Table of Contents

Global Clusters of Innovation

Global Clusters of Innovation

Entrepreneurial Engines of Economic Growth around the World

Edited by Jerome S. Engel

In the geography of the global economy, there are known ‘hot spots’ where new technologies germinate at an astounding rate and pools of capital, expertise and talent foster the development of new industries and new ways of doing business. These clusters of innovation are significant drivers of value creation and function as models for economic expansion in both developed and developing countries. This book explores the key attributes of these innovation hubs using case studies from around the world.

Chapter 7: Israel: the technology industry as an economic growth engine creating a nationwide Cluster of Innovation

Orna Berry and Daniel Wasserteil

Subjects: business and management, entrepreneurship, economics and finance, economics of innovation, innovation and technology, economics of innovation, innovation policy, urban and regional studies, regional economics

Extract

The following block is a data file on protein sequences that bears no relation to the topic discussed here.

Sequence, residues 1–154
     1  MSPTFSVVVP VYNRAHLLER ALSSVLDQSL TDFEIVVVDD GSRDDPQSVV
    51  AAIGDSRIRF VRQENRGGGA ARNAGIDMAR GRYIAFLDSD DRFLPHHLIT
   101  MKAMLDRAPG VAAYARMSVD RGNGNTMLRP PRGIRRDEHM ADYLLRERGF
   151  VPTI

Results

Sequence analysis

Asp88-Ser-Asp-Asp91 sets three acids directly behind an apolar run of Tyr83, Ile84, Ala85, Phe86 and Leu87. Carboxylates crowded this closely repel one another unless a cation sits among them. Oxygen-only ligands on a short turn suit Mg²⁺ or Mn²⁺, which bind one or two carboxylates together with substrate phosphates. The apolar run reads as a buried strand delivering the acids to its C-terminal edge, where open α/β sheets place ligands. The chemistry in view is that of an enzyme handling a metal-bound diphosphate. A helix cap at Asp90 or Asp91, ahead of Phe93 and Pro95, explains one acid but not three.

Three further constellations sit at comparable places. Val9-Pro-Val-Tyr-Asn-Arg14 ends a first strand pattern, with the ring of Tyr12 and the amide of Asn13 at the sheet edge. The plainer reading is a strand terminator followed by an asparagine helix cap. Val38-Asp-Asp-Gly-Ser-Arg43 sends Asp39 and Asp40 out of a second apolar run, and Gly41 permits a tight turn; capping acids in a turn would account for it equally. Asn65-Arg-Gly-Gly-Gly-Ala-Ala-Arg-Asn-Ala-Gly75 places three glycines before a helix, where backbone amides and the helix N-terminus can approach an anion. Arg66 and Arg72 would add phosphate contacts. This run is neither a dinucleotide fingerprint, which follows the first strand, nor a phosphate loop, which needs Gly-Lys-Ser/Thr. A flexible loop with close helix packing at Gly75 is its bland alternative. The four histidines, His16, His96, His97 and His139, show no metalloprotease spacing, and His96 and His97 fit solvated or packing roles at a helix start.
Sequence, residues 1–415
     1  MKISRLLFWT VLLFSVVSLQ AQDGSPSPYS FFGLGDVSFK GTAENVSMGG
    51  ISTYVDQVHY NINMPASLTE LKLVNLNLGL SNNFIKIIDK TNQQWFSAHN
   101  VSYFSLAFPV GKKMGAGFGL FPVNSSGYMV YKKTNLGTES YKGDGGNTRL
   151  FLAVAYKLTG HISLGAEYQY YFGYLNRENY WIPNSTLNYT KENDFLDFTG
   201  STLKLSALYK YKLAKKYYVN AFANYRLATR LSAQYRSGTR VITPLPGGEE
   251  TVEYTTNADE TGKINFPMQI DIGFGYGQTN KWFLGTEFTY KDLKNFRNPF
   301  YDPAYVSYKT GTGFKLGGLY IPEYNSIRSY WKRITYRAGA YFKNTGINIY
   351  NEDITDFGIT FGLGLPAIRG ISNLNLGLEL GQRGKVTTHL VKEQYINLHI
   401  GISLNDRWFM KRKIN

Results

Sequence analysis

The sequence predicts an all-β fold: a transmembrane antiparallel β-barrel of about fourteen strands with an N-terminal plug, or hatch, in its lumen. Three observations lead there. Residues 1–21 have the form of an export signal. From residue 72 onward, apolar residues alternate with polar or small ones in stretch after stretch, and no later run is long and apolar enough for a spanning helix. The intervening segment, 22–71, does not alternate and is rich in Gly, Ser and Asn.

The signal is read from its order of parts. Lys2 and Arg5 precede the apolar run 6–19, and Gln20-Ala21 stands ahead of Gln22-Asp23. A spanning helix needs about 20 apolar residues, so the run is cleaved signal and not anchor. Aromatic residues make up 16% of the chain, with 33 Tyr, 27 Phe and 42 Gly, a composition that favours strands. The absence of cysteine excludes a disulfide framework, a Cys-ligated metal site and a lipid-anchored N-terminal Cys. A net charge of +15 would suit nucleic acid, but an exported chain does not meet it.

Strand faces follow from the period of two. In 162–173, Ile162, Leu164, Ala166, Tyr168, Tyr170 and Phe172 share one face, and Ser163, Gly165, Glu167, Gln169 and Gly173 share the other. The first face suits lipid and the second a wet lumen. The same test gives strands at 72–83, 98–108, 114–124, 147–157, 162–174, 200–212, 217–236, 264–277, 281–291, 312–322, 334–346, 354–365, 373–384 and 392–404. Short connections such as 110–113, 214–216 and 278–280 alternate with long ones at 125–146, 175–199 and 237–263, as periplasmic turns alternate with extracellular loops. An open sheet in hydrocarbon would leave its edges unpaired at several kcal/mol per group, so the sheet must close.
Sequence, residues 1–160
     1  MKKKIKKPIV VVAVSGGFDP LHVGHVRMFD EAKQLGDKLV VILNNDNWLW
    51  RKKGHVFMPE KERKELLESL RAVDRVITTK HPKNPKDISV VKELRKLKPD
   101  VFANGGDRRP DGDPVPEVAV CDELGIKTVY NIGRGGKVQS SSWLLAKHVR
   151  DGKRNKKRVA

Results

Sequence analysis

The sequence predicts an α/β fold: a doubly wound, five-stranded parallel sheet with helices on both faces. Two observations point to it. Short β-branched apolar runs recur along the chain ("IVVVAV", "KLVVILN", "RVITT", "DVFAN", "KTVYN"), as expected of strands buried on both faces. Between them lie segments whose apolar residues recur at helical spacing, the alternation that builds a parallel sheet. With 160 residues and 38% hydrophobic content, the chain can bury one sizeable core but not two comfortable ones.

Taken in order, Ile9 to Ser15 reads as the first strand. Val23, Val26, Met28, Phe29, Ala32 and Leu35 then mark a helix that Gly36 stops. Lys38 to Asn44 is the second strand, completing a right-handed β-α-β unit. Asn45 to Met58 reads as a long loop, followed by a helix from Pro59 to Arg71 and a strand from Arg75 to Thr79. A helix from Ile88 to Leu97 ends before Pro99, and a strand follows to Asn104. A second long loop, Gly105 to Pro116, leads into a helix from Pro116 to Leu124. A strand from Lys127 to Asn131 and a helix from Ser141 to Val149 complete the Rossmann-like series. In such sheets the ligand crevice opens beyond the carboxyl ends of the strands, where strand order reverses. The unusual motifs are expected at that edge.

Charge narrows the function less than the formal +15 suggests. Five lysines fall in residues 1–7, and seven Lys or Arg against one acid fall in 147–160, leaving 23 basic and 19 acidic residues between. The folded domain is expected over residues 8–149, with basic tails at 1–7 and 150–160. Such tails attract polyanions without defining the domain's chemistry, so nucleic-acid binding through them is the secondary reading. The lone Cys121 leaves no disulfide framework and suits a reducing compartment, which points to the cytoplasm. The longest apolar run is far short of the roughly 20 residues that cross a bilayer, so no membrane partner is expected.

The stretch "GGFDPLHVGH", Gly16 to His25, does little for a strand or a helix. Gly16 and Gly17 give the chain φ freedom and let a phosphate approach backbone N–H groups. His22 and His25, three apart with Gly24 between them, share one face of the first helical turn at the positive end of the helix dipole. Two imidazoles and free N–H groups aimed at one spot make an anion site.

Since the 1990s Israel has been the most vibrant high-technology cluster outside the US. Several complementary factors contributed to this: a highly adaptive, innovative and entrepreneurial culture; Israel’s significant defense R & D spending and training of personnel; the absorption of the highly skilled immigration wave from the former USSR since 1989; prestigious higher education institutions; proactive government policy for the promotion of civilian R & D spending since the 1980s; and the presence of a locally managed venture capital industry that was boosted by the Israeli government in 1992 and that has grown quickly by adopting the US VC model and business culture. Much of the credit for this can be attributed to successive Israeli governments for realizing that a civilian research and development industry could become an engine of economic growth, and for then implementing policies to create it, stimulate it and ensure its expansion. However, the government’s actions vis-à-vis the high-tech sector – and by extension the wider Israeli economy – stand at a critical juncture. As strong as the industry is, concerns exist about its sustainability in the face of national budget reductions over recent years and a weakening of the structural components underpinning its success.

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